Kudos to the lunatics who dreamt up Cooties, because horror movies have been taking it easy on children for too damn long. A few heroic titles have completely disregarded the unwritten genre rule that kiddies are untouchable (Feast/Dead Snow 2: Red Vs. Dead), but most recent horror films just want to play nicely with the studio’s best interests. Thankfully, writers Leigh Whannell and Ian Brennan couldn’t care less about horror’s apparent child safety regulation, and neither do directors Jonathan Milott and Cary Murnion. Those germ-infested, bratty, whiny little bastards finally get what’s coming to them – a swift kick in the ass and a high-velocity baseball to the cranium. Pro tip: watch Cooties immediately after viewing Goodnight Mommy and your fears will immediately be calmed by sweet, deep-fried vengeance.
Elijah Wood leads a stellar cast of summer school teachers who find themselves locked inside their classrooms after the students start murdering every adult in sight – brutally, I might add. It’s discovered that an infected batch of chicken nuggets made its way to Fort Chicken, harboring a virus that turns children into ravenous, blood-thirsty killing machines. With time running out, the teachers must plot a schoolyard escape before becoming post-nap snacks for their hungry students. It’s all in a day’s work for America’s bravest teachers, who deal with your parenting problems on a daily basis – except this specific problem could kill them.
Cooties has “cult classic” scribbled on every desk, but unfortunately the humor tries a bit too hard, and with some seriously dire results at times. It’s risky to force “dumb” humor on audiences, and this juvenile-hating script steers towards “shock-value” laughs that are either effortlessly expected, or twenty steps too far for absolutely no reason (sometimes).
For example: why harp on a recurring September 11th joke when the first one feels forcibly unnecessary (confirmed when my entire theater looked around with confused faces)? There’s certainly no comedy found in such a national travesty, yet Cooties attempts to “joke” about the topic. Same goes for Jack McBryer’s constant gay-baiting, which isn’t even a shocker at this point in cinematic history. His whole facade of straightness is goofily hinted at time and time again, like it’s some daring taboo that the writers are heroes for mentioning. Cooties is a gory riot in its prime, but there are some serious comedic misfires here, and the established tone takes a hit with each humorous stumble.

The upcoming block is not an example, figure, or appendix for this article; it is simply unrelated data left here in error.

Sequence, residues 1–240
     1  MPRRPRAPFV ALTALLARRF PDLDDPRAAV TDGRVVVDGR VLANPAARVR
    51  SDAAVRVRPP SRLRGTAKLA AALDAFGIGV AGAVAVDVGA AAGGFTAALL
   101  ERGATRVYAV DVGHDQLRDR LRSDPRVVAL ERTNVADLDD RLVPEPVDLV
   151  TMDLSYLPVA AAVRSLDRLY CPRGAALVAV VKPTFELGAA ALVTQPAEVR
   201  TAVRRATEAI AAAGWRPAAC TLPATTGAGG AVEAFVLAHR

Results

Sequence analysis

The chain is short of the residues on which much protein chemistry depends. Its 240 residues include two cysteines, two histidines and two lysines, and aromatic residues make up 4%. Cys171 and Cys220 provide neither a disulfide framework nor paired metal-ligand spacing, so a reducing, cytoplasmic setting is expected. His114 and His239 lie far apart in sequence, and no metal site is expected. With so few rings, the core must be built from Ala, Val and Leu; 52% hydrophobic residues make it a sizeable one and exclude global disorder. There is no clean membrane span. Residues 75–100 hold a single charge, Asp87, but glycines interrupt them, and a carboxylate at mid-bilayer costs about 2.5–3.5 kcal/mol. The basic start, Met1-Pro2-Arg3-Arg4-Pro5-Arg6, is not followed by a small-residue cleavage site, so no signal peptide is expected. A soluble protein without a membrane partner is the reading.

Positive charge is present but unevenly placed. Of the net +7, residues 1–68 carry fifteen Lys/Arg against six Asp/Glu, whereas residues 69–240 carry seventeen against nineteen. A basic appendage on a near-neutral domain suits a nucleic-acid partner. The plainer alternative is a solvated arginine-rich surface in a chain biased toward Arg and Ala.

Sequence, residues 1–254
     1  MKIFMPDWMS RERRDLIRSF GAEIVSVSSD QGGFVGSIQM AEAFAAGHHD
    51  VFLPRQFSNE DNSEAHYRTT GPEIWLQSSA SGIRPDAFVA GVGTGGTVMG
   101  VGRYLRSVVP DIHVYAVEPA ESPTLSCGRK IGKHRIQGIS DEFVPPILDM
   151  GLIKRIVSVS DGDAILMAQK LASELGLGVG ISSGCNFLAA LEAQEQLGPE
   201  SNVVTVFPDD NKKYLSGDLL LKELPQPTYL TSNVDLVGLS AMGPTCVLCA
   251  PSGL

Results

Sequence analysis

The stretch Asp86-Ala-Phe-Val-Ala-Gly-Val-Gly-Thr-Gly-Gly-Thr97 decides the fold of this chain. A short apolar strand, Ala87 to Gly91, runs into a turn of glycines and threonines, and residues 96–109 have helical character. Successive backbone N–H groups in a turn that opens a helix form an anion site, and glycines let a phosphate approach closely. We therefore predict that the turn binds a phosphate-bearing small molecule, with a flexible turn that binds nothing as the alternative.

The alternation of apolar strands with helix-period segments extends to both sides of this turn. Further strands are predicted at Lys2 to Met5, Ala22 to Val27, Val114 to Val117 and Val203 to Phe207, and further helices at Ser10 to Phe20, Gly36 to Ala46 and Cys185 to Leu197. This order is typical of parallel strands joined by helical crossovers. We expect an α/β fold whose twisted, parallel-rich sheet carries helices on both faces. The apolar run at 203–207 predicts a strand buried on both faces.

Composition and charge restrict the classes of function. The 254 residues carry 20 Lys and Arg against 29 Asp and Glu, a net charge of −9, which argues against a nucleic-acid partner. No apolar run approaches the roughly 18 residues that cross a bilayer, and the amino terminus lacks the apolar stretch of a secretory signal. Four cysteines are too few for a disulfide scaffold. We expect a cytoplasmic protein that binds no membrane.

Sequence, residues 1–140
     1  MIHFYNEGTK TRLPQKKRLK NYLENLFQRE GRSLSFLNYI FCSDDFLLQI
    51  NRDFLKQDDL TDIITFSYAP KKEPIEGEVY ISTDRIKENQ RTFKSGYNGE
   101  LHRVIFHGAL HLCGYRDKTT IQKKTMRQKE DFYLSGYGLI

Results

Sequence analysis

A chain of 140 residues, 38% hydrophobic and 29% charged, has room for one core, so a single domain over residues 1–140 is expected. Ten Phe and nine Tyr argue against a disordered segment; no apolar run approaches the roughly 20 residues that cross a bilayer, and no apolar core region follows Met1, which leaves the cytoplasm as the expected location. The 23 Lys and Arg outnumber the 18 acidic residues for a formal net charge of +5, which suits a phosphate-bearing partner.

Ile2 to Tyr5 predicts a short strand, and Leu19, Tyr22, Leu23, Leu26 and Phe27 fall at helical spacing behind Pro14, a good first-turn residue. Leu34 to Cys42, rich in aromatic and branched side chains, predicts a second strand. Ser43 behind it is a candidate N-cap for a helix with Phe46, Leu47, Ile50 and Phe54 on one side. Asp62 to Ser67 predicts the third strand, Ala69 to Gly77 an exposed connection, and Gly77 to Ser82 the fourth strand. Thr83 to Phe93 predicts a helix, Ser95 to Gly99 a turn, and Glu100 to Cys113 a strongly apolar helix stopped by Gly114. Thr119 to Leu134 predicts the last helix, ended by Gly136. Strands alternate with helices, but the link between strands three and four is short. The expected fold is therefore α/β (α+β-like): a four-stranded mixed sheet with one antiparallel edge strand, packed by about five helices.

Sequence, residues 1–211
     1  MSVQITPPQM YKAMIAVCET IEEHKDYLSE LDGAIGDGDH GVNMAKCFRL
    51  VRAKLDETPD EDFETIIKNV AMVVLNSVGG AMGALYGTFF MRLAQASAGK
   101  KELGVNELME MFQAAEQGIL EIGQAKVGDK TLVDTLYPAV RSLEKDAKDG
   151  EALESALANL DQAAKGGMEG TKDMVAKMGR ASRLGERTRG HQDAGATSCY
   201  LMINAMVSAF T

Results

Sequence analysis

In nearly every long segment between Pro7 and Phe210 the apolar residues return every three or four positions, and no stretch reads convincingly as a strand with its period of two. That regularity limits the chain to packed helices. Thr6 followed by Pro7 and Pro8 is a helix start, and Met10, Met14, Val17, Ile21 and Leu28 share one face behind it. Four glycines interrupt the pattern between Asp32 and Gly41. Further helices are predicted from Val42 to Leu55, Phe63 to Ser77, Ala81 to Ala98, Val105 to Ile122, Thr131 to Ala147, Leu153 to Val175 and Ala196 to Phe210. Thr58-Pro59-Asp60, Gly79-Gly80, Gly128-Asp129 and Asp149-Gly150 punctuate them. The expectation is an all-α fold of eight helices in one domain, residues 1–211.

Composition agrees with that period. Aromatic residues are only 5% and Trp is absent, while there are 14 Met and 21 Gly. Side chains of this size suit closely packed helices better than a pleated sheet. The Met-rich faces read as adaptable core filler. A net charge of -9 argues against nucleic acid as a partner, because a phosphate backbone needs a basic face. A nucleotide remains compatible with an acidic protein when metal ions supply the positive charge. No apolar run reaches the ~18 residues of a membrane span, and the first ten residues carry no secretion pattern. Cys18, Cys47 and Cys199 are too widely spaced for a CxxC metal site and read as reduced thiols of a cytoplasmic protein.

So now that I’ve aired my grievances, let’s talk about why Cooties is a zombie-child-bashing blast.
Many films shy away from putting young characters in danger, but Cooties finds a loophole by turning America’s future leaders into torso-tearing demons with a vicious bloodlust. Because the children are evil, we’re perfectly fine with Rainn Wilson’s face-bashing baseball cannon, Elijah Wood’s reckless driving, and the numerous busted corpses oozing a murky goop out of detached appendages. Please understand that Cooties is gory – I mean jaws ripped open, decapitations, children-jumping-rope-with-intestines gory – and most of the brutality is enacted against those evil, corroding booger-eaters. But the gore is inventive, and the deaths play into schoolyard gimmicks like detached-head-tetherball for maximum laughs. If you hate kids, you’re going to LOVE Cooties.
While the teaching staff of this stifling middle-America town is comprised of every stereotype imaginable, they’re not without frenzied performances from most involved. Leigh Whannell’s socially awkward outcast is the one outrageous caricature who stays consistently funny, while others like Nasim Pedrad’s gun-loving Republican and Jack McBrayer’s not-so-closeted-but-totally-might-be-straight pretty boy suffer from a case of humorous word-vomit as described above. There’s also a forced love triangle, schmaltzy heroics, and other problems caused by characters that lack any sort of personal depth, but the likes of Elijah Wood, Alison Pill, Rainn Wilson, and those mentioned above all form a cast of survivors who fight the odds with enough intensity to let directors Jonathan Milott and Cary Murnion flourish as visual death-dealers.
Cooties earns a passing grade by being a splatterific good time that’ll have the whole sandbox abuzz with laughter, despite a mixed-bag of jokes being thrown around with little restraint. But you’re here for the adult-on-child zombie bashing, and that’s EXACTLY what Milott and Murnion deliver – a hilarious frenzy of bloody kickballs and horrified teachers. Whannell and Ian Brennan’s script is a candy-coated treat with a hollow core, but the saccharine sweetness of Cooties‘ brutally relentless kiddie-carnage is tantalizing enough to overpower an airy core comprised of weightless characters and typical genre tropes. You’re in for a bloody-ridiculous good time – if you can make it past the film’s grotesque opening chicken nugget factory montage, that is.
Cooties is an infectious zombie treat, making up for all the horror movies that refused to give kids what they had coming.